By Rori Donaghy
The UAE paid a London-based public relations firm millions of pounds to lead attacks in the UK against Qatar, the Muslim Brotherhood, and other opponents of the Gulf state, according to a Mail on Sunday investigation.
The report reveals that Abu Dhabi paid Quiller Consultants £60,000 ($93,000) per month for six years to, among other things, brief leading British journalists who launched an extraordinary campaign accusing Qatar of funding terrorism.
The PR firm also lobbied the British government to hold a review into the activities of the Muslim Brotherhood and, separately, briefed an influential journalist to target the author of this article, who at the time had raised allegations of human rights abuse in the UAE.
Quiller Consultants was co-founded in 1998 by Lord Hill, a close associate of Prime Minister David Cameron, and the firm’s staff include former British officials and ex-national newspaper journalists.
The UAE contract, seen by the Mail on Sunday, stated that Quiller would work in the UK “to promote and achieve the foreign policy objectives of the UAE”, adding “all the activities as part of this engagement will be carried out in strict confidence”.
Investigative reporter David Rose said he has seen emails that prove Quiller “successfully targeted top British newspapers” and “kept the UAE’s involvement secret”.
Emails between senior UAE officials and Quiller reveal how Abu Dhabi insisted their lobbying must remain secret out of fear they would be shown to be “meddling in UK domestic affairs”.
The key Quiller consultant who worked on the UAE contract was ex-senior Foreign Office official Gerard Russell, who was picked by former prime minister Tony Blair to head up the UK’s Arab media unit after 9/11.
Russell no longer works for Quiller but according to the Mail has remained active in the political sphere. The report stated that he attended meetings this year between Blair and Hamas chief Khaled Meshaal.
On the UAE side, the key conduit for Quiller was Simon Pearce, a British expat who is in charge of Abu Dhabi’s overseas image. He is also a director at the UAE-owned Manchester City Football Club.
Pearce sent emails to Khaled bin Mohammed bin Zayed – son of Abu Dhabi Crown Prince Mohammed bin Zayed – who was in charge of shutting down UAE political opposition group Islah, a Muslim Brotherhood-linked organisation.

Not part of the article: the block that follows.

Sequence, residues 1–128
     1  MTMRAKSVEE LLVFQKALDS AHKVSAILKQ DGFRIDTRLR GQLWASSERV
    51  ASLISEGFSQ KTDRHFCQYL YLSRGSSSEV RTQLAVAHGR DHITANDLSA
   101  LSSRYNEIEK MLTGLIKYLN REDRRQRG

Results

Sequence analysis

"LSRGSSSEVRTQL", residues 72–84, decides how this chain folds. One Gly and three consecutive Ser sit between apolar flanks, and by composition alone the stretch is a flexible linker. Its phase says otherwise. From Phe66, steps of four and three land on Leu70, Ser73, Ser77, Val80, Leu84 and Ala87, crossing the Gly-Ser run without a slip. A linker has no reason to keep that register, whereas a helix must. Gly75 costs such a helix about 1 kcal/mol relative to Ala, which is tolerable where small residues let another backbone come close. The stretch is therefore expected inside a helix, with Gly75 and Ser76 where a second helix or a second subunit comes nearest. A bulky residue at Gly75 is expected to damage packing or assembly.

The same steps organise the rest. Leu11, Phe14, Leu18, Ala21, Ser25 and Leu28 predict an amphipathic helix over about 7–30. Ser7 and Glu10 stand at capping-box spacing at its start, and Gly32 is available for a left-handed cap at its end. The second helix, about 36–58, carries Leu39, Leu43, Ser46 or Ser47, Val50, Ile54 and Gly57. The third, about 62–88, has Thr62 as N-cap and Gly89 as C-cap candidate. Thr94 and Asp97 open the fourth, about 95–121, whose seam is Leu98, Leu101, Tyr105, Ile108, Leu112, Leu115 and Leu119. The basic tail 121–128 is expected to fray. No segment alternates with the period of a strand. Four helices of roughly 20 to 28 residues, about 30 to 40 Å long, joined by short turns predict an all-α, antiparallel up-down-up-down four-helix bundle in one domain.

Also copied in on the messages were UAE Foreign Minister Anwar Gargash and Abu Dhabi investment fund head Khaldoon al-Mubarak, who is also chairman of Manchester City.
In one email Quiller consultant Russell wrote to his bosses in London and Abu Dhabi telling them that he had passed information to the Sunday Telegraph’s Andrew Gilligan.
Russell wrote to Gargash immediately after meeting Gilligan and said: “We explained we were not acting for the UAE in seeing him, and that indeed the UAE had no knowledge of the meeting.”
After Gilligan published an article accusing Qatar of funding terrorism, Pearce sent an email to Khaled bin Mohammed and Gargash.
The subject line read “Boom!” and said: “Your highness, Dr Anwar, I thought you should see this – latest product of our efforts – should be a game-changer for UK understanding – more to come.”
In Russell’s email to Gargash after meeting Gilligan he had written: “We propose we continue to develop the relationship with Gilligan and pass him material on a regular basis.”
The Telegraph then embarked on a two-month campaign against Qatar in which they published 34 articles, including eight front-page headline stories, that accused Doha of financing terrorism. At the same time the Telegraph’s billionaire owners, the Barclay brothers, were engaged in a fierce dispute with Qatar over the ownership of three five-star London hotels.
Gilligan was the author of many of the anti-Qatar articles, as was the Telegraph’s Robert Mendick. At the time of the campaign Mendick, who the Mail said was also targeted by Quiller, told Middle East Eye he had not met with any PR people in relation to his coverage of Qatar.